Why McLanahan Sand-Laden Manure Pumps
McLanahan designs and builds a wide range of pumps specifically for pumping abrasive slurries like sand-laden manure. These severe pumping applications normally cause excessive wear on the wetted components within the pump, such as the impeller, casings and seal. Wetted components in the McLanahan Sand-Laden Manure Pump are covered with a rubber coating to prevent excessive wear. The split casings are protected by bolted-in-place rubber liners, which can be replaced by splitting the pump casing. Worn liners can be unbolted and removed so new liners can be installed. The rubber-lined impeller can be supplied as a closed vane, which is the most efficient, or more commonly as a vortex-style capable of passing large debris. The ceramic/rubber seal requires no external water supply for lubrication. OSHA compliant guards provide protection from moving parts.
McLanahan employs a team of pump experts to ensure the pump is sized and selected properly. Each McLanahan pump is specifically sized for the application in which it will be used. Prior to any sale, a McLanahan technical expert will assess the pumping system, taking into account the material being pumped, how far it’s being pumped, the height of the liquid that needs lifted and other system-related items. These items will be loaded into a pump sizing program to determine pump size, speed and horsepower. Along with the proper pump size, recommendations are given for the piping design to and from the pump to help ensure success.
How Sand-Laden Manure Pumps Work
This pump operates under the same principles as most centrifugal pumps. Rotational movement of the pump shaft and impeller convert electrical energy to fluid energy within the pump. Low pressure areas at the suction pull the fluid into the impeller eye. The rotation of the impeller causes the fluid to move radially outward. It also creates a high-pressure area at the pump outlet, forcing the liquid out of the pump. This action continues and constant fluid flow into and out of the pump is achieved.
Specific fluid flow and pressure is created by adjusting the pump shaft speed. This can be done with changes to the belts and sheaves or by the use of a VFD. These pumps are designed for abrasive slurries. One of the design elements involves generous tolerances between the impeller and housing. These generous tolerances minimize abrasion but can limit the use and application of the pump.
McLanahan engineers will ensure the proper pump is selected and proper operating speeds are chosen to get the most efficient pumping system available.
Popular Applications for Sand-Laden Manure Pumps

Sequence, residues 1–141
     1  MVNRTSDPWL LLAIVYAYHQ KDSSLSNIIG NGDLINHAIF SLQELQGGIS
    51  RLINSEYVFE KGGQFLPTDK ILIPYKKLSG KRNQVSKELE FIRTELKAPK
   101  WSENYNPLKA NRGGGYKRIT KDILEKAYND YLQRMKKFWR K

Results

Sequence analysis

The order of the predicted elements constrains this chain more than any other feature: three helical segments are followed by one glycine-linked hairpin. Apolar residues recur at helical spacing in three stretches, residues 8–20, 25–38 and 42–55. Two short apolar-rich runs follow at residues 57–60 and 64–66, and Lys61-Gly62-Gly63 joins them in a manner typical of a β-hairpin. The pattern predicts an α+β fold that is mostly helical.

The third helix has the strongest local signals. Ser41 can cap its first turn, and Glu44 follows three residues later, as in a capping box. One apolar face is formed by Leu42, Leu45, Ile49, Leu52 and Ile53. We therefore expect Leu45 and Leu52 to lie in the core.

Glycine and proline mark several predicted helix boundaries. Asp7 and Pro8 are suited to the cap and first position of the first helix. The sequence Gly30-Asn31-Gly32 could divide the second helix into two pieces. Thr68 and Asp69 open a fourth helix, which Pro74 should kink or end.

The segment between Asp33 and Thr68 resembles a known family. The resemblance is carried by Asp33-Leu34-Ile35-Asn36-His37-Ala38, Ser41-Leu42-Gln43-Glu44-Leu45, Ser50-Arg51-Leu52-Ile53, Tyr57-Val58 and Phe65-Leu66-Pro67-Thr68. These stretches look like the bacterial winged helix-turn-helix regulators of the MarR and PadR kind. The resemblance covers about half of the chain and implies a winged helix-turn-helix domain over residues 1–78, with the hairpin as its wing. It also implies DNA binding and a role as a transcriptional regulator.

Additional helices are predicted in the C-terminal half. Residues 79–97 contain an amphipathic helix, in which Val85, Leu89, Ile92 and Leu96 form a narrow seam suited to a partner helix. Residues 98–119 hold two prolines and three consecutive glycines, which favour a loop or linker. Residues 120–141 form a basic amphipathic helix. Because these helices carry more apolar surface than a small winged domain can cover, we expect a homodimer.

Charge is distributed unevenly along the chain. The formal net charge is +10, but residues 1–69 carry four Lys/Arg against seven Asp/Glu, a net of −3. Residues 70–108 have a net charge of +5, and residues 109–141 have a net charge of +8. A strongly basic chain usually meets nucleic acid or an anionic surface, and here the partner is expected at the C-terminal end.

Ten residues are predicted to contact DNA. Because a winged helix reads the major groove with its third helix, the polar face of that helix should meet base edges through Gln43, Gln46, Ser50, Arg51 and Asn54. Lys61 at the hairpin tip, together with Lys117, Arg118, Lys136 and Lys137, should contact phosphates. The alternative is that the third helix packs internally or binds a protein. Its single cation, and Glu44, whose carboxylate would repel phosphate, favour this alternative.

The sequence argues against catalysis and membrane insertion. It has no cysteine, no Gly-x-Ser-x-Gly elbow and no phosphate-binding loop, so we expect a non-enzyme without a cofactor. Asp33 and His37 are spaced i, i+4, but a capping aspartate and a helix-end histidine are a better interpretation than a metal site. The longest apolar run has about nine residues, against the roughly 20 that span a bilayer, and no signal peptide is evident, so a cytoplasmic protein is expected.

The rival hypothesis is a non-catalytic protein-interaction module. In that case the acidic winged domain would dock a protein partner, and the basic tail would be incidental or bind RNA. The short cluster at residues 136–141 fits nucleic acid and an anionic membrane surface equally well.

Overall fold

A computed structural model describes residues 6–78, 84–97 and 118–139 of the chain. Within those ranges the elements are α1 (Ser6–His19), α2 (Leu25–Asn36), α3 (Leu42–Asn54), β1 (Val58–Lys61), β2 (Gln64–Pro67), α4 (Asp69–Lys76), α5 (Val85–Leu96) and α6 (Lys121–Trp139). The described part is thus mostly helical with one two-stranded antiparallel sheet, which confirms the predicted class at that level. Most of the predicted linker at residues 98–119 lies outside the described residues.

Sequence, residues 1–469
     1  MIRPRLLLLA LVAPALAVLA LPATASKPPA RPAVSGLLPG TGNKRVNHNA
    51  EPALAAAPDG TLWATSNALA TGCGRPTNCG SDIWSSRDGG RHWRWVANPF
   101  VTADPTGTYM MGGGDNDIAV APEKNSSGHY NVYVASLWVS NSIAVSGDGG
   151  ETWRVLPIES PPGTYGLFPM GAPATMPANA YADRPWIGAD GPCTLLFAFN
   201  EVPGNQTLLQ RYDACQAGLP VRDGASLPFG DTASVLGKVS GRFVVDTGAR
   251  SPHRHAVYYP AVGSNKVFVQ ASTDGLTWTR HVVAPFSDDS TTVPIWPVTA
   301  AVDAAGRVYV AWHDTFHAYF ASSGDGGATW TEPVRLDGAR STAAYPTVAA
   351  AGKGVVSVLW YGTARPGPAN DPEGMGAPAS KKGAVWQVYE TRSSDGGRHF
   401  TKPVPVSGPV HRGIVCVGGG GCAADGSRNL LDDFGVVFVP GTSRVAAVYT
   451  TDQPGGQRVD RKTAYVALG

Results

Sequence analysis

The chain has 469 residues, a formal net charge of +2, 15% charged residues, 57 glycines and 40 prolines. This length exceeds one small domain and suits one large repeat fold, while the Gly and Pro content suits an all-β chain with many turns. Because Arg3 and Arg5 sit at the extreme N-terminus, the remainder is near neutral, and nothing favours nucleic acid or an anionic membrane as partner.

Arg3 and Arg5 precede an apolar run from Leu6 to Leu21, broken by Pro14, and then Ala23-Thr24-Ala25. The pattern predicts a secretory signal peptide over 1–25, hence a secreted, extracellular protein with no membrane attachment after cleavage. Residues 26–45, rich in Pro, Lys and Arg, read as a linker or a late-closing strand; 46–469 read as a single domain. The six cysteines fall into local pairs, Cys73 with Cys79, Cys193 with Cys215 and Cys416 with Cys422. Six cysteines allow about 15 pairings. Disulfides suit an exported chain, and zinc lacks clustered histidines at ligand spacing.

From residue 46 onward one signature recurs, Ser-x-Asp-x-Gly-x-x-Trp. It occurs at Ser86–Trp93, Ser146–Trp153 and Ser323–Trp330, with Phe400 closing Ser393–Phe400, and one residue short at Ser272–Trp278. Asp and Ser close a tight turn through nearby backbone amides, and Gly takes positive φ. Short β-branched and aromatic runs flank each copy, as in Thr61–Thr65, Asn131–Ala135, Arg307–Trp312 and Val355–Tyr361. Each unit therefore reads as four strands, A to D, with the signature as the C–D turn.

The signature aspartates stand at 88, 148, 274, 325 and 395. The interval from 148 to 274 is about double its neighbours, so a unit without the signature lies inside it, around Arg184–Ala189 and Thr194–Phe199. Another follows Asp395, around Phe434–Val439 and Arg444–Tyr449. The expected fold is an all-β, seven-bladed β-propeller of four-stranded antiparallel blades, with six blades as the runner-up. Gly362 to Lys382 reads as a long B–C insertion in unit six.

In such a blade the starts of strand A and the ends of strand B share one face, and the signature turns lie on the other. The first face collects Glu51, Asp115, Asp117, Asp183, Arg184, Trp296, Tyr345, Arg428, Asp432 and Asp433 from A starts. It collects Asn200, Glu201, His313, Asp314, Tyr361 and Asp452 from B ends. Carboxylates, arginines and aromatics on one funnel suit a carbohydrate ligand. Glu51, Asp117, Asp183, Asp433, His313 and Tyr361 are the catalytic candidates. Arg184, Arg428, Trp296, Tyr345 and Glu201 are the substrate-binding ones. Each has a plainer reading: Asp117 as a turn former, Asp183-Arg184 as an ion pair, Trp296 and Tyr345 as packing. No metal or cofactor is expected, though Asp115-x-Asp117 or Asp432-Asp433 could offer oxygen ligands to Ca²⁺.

McLanahan centrifugal sand pumps are built for pumping dilute liquids containing abrasive materials. This is often diluted sand and manure, but it can be used in other applications, such as aggregate and mineral processing.
Benefits of McLanahan Sand-Laden Manure Pumps
- Engineering assistance for system design and troubleshooting
- Highly abrasion-resistant natural rubber linings on all wetted parts
- Split casings protected by replaceable, wear-resistant rubber liners
- Sized according to specific customer needs and conditions
- Versatile, horizontal shaft design
- Proper selection for efficient operation
- Multiple seal designs are available
- Simple, robust construction
Frequently Asked Questions
What information do you need to size a pump for my application?
The basic information you need to properly size a pump includes:
- What is the composition of the material being pumped?
- How much flow is required?
- What is the overall length, diameter, and type of piping that will be used?
- How many elbows and other fittings are in the system?
- What is the change in elevation from the pump to the pipe discharge?
Once this information is known, our team will determine the proper pump size as well as make recommendations on the piping system.
How long will the rubber linings last?
Rubber is one of the best products to protect against abrasion. Several factors determine the longevity of the liners. Sand particle size and shape affect abrasion. A manufactured sand with sharp edges will abrade the rubber faster than a round, smooth river sand. Also, pump speed affects wear. Operating the pump at a lower speed will help to minimize wear. Pump liners last longer than seals and impellers and are one of the last items to replace.
Can I use this pump to charge my flume system?
Charging a flume system with process water involves high volume and low head. This type of system does not suit the pump curves for a McLanahan pump and usually doesn’t work.
What is a vortex style impeller?
One of the biggest challenges with pumping dairy manure is the occasional debris that finds its way into a system. This debris can wreak havoc on a poorly designed pump and system by creating a blockage in the pump or piping. It’s important that every part of the pump system is designed to take into account this potential hazard. A vortex impeller does not create any flow restrictions into and out of the pump, therefore minimizing the potential for pump plugging.
Why is rubber used for lining the pump parts?
Rubber is widely used across a range of industries to protect components against abrasive wear. Abrasion occurs as particles come in contact with a surface and transfer some of their energy into that surface. As this happens enough times, small pieces from the surface begin to come off. Holes begin to form when the surface material is completely eroded away. Rubber is effective against this erosion because it is able to absorb the energy from impinging particles while causing minimal damage to itself.